We said goodbye to S. It was time. Her hubby was missing her badly and his birthday was imminent. It was so good to have her here and she helped make the first month of Chemo bearable. Thank you Universe for aligning her visit with my need for extra special bestie help and support. Thank you S for making the longer stay happen. D, thanks for sharing her!

Psychology – Asking for Help

Asking for help is a strength. It is not a weakness. Asking for help does not mean you are weak or needy or less than; it means you are human. People need help to achieve big goals in life. The tennis player doesn’t reach his local team champs or the final of Wimbledon without the support of the person who had taught him/her to play tennis in the first place or the person who continues to help him/her play week in and week out, now; a coach, a tennis racquet stringer, an opponent. Many, many people help contribute to one person’s goals in life.

When you have a difficulty, big or small, asking for help is a powerful message and gift for others as well as for yourself. It lets people know they can contribute to you and that it is also OK for them to ask for help when they need it. You will not burden them; you can ask for help in a very specific way, with clarity about what you need and in a way that leaves them informed and free to choose. If they experience a feeling of burden, that is not your concern, it is their experience, and one they would need to manage by finding their boundaries and voicing them (in the same way you could if you had said yes to helping someone).

If you are open and honest with the people you are asking for help from, and clear about how you would like them to help, then it is up to them to manage themselves if they say yes to helping. So ask for help, especially if you are going through a complex health challenge like Cancer. You can ask friends, neighbours, family, medical professionals, your GP; ask to be referred to a psychologist, nutritionist, physiotherapist if you feel that would help you meet a need.

I have asked a friend to stay longer, to carry my urine, to research nutrition. I have asked my husband to help me to speak to my parents about the best time for them to visit and asked him to help me stick to who I want to be through this stage of the Cancer process. I have asked my consultant to answer seven questions at the beginning of each week of Chemo. I have asked the MacmIllan team for help getting referrals to learn about financial entitlements, access to massage and for a place to sleep between tests. I have asked friends to leave any sadness at the door. I have asked neighbours for referrals to a nutrition therapist and to take in parcels of books and food. I have asked my consultant for a referral to a psychologist and a dietician. I have asked friends to meet, to not meet, to forgive me if I’m not quick to respond to emails.

I HAVE ASKED FOR HELP.  HELP has been forthcoming from every angle. People often want to help and you can make it easy for them by letting them know what help you need. My asking has not been met with annoyance or judgement but with thanks and love. If you ask people to help in ways that you know play to their strengths then you make it even easier for people to help you though don’t let that stop you either, just ask. If they can’t help or don’t know how to help in the way you are requesting, it is up to them to say No or suggest an alternative way of helping that may meet your need and match what they can offer.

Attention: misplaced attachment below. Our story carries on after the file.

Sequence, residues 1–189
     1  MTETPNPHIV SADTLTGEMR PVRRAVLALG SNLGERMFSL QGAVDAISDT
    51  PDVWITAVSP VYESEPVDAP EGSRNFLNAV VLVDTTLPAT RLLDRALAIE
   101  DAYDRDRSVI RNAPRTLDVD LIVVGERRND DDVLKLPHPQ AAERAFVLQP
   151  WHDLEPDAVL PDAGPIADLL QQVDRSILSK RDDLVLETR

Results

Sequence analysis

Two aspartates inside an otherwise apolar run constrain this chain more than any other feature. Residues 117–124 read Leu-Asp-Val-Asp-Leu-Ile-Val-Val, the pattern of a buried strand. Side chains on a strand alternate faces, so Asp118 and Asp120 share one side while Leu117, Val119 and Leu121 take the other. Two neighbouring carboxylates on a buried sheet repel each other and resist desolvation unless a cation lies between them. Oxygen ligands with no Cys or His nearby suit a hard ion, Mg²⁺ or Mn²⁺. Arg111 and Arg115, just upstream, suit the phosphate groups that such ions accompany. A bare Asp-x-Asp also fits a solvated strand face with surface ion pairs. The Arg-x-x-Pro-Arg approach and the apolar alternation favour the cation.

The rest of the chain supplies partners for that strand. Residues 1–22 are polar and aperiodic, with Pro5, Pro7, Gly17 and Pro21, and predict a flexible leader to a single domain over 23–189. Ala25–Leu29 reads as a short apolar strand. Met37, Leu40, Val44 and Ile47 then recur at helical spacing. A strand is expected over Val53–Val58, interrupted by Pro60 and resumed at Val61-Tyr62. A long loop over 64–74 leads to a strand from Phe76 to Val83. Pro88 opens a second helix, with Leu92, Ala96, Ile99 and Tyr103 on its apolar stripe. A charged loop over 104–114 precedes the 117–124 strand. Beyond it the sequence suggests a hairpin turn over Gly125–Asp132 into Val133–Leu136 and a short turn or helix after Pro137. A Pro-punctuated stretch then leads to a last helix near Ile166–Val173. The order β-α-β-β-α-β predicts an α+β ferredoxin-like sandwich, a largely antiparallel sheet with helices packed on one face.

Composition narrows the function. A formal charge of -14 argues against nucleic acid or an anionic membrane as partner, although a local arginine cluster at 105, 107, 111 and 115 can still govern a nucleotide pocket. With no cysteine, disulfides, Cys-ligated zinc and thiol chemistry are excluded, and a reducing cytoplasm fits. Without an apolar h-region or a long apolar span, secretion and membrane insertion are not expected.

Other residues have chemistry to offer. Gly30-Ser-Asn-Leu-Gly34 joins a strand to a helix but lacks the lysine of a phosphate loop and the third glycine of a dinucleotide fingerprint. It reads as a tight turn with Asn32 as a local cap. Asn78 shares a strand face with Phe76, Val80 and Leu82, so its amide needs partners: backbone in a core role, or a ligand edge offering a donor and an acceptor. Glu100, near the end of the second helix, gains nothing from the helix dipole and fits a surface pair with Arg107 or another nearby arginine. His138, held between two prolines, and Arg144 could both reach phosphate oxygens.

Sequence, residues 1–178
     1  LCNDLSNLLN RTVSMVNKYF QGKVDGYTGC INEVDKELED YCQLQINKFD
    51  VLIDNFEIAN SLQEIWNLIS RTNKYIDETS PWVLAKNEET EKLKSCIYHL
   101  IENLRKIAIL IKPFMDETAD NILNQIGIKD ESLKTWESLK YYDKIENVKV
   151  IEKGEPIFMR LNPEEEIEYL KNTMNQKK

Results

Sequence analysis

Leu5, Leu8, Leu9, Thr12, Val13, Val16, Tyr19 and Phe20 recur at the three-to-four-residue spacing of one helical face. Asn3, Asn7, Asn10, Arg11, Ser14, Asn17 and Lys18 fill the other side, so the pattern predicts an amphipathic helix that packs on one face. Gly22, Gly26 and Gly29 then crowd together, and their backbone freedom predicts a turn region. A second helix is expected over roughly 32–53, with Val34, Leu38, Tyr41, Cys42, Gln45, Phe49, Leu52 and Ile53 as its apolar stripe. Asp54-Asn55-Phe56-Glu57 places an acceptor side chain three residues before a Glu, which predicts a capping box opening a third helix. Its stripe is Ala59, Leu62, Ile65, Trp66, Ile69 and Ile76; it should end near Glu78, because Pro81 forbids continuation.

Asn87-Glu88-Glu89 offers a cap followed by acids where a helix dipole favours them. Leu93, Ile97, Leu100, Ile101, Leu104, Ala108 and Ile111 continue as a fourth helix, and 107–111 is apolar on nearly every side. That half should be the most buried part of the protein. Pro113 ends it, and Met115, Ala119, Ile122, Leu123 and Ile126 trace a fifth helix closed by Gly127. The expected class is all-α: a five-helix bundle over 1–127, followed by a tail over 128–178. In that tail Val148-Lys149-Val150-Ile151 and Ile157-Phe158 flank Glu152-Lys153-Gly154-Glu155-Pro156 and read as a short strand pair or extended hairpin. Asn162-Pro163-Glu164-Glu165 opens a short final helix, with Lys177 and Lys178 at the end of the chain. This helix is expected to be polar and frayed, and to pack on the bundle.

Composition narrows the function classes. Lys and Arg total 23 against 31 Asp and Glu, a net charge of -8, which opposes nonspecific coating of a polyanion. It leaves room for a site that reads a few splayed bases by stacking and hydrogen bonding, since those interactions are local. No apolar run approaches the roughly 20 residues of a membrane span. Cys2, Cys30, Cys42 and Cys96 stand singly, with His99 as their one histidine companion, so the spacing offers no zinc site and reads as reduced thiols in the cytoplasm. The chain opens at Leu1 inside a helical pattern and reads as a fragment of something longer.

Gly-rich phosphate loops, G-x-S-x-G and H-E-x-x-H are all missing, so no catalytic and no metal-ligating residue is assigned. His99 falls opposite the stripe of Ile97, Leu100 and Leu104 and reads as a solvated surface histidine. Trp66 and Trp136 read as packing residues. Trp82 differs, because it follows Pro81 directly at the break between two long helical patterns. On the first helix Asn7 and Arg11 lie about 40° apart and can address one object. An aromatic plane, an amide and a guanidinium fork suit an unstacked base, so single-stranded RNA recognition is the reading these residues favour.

The right people around you, at the right time, with the right help for you and your needs, can be a significant and positive part of the healing process, so why should you miss out on that?

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Images: Stephanie Kemp and Nurse L

Posted in Chemotherapy for Myeloma, Psychology for Cancer, Symptoms and Side Effects Tagged with: , , , , , ,

Couch angelo pantazis 237143 unsplash - Treatment – We need to know NOW.
February 20th, 2017 by Janine

Most people take more time over choosing a new sofa or hairstyle than I was given to decide on my treatment pathway for Myeloma Cancer.  There was no time to waste; my back vertebrae were in danger of fracturing and causing cord compression so treatment needed to start asap.  I seal my fate within the week, a time frame Dr R and I could live with.  I frantically researched global treatment options versus UK treatment options, NHS versus private care, compared treatment side effects, managed queries in phone calls with Dr R in the evenings, spoke to experts, trawled the internet and discussed pros and cons lists with Hubby.

I had a flash of realisation that no one could make this choice except me.  All the other big choices in life recently had been joint decisions; which house to buy, whether to move to Cambridge, when to move back to London, whether we could afford for me to start a business, whether to get a cat, how each clinical psychology course could work for us if I was offered a place.  Joint decisions, because they impacted both of us.

Yet, here was the decision that could turn both of our lives completely upside down and I ultimately had to make it alone. A decision impacting my health, my body and what I was going to let someone else do to it. What if I chose the wrong thing and I shortened my life unnecessarily?  What if I chose something that turned out to have gruesome side effects for me?  What burden was my choice going to cause for Hubby?  How long will it be before I am in excruciating pain, breaking bones left, right and centre, paralysed or need full time care?

Pause, breath.  I remind myself that survival rates in myeloma are increasing at one of the fastest paces among all cancer types in the UK1. Pause. Breath.

In the end four things kept zooming around my head:

  1. There is some evidence (though better and more research is needed) that people have better outcomes when they participate in clinical trials2,3.